Yesterday while sitting in Washington Square Park, I watched two boxy mini-cars trundle their way to NYU’s Library and park innocently out front. Plastered with the logos of the Pentax a camera company, the drivers lifted up their side panels revealing their cargo of gleaming lenses, dials and switches. Their smiling countenance backed by the multimillion dollar might of their slick corporate sponsors, they worked the crowd, putting hands to cameras and money out of pockets.
Next to them stood the Subway Sandwich One Dollar Off coupon man, perhaps the most consistent figure of my education at NYU. The first day I went to class, he was there; in the biting cold of winter, he was there; when the spring returned the next year, he was there. The Subway down the street buys his persistent call with no doubt meager wages: “Dollaroff, Dollaroff, Sabway dollaroff…”
Two weeks before the Pentax folks was the pomp and circumstance of NYU’s Welcome Week, inducting new students into the NYU community. Of course, this introduction wouldn’t be complete without spending, and NYU stepped in with chartered ‘shopping busses’ to ferry students to their Ikea, Target or mall of their choice.
Since then, the streets of NYU’s campus have been filled with hawkers, advertisers and marketing of all kinds. As students become increasingly unreachable by traditional means of television and radio advertising, companies wanting to exploit the time and money of students are forced to take to the streets and directly confront them face to face. And with the price of college going up and federal support going down, schools will gladly oblige companies looking to access a university’s 4-years captive audience – for a small fee here and there.
Looking around, you’ll see the struggle for eyeballs and student dollars spreading on college campuses. Food service contracts increasingly go to national chains (NYU has New York City’s only Chik-Fil-A, and the Kimmel Center for University Life now features a Yolato), buildings get named like sports stadiums (the University of Georgia literally had a Coca-Cola building), and public space becomes cluttered with underpaid sales workers touting special deals for college students if you act now.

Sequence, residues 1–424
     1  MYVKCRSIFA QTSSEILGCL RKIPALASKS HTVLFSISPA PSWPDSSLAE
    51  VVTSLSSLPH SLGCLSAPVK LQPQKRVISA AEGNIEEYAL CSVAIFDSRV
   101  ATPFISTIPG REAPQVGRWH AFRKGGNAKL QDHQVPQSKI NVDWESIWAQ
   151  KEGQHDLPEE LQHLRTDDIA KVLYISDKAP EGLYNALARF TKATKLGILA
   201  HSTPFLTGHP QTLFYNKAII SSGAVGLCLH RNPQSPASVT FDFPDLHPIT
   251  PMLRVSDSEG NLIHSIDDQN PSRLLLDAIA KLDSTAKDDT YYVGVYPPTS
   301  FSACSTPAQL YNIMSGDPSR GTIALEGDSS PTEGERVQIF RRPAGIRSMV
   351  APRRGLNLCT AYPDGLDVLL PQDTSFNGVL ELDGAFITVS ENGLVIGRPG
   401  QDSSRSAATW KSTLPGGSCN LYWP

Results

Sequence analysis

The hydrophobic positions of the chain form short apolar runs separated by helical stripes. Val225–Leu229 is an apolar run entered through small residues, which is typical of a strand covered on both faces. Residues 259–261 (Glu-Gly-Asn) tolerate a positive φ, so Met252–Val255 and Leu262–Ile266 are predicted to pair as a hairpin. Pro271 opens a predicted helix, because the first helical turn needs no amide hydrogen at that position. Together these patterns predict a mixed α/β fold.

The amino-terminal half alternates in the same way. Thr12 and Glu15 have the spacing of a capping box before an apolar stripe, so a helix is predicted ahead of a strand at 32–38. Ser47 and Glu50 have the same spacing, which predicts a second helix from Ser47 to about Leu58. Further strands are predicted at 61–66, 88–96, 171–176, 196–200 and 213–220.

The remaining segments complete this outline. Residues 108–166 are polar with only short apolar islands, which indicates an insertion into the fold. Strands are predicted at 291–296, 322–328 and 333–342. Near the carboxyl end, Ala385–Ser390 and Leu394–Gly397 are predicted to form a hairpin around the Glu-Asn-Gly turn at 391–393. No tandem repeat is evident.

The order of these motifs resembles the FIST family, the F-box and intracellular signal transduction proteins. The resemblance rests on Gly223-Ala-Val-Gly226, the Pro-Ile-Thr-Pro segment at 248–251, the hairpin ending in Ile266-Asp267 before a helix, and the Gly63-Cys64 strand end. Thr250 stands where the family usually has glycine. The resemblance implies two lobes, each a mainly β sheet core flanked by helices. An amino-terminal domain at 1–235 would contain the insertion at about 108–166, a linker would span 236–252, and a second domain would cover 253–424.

The paradigm for any marketing campaign to college students is Facebook. Social networking sites embody the sycophantic relationship of marketers to students – young people voluntarily provide personal information in the course of trying to fit in and meet other people like them; Facebook takes that fairly humane desire and sells it to people with little to no interest in that person’s wellbeing. Connections made for dating or demonstrating become fodder to targeted advertising efforts of face-less corporations. The same goes for advertising on and around college campuses: the student’s desire to learn and live becomes the motor for marketing pushes that cheaply imitate the creative qualities of life that students produce.
And that’s the upshot: the ad campaigns that cover our campuses try to turn the creative energy of student life into a commodity. Turning our lives into sites for potential transactions cheapens them in ways that escape exact description. The quality of our lives falls when advertising puts our desires under an assault of images and concocted fears, backed by the daily blackmail of capitalism.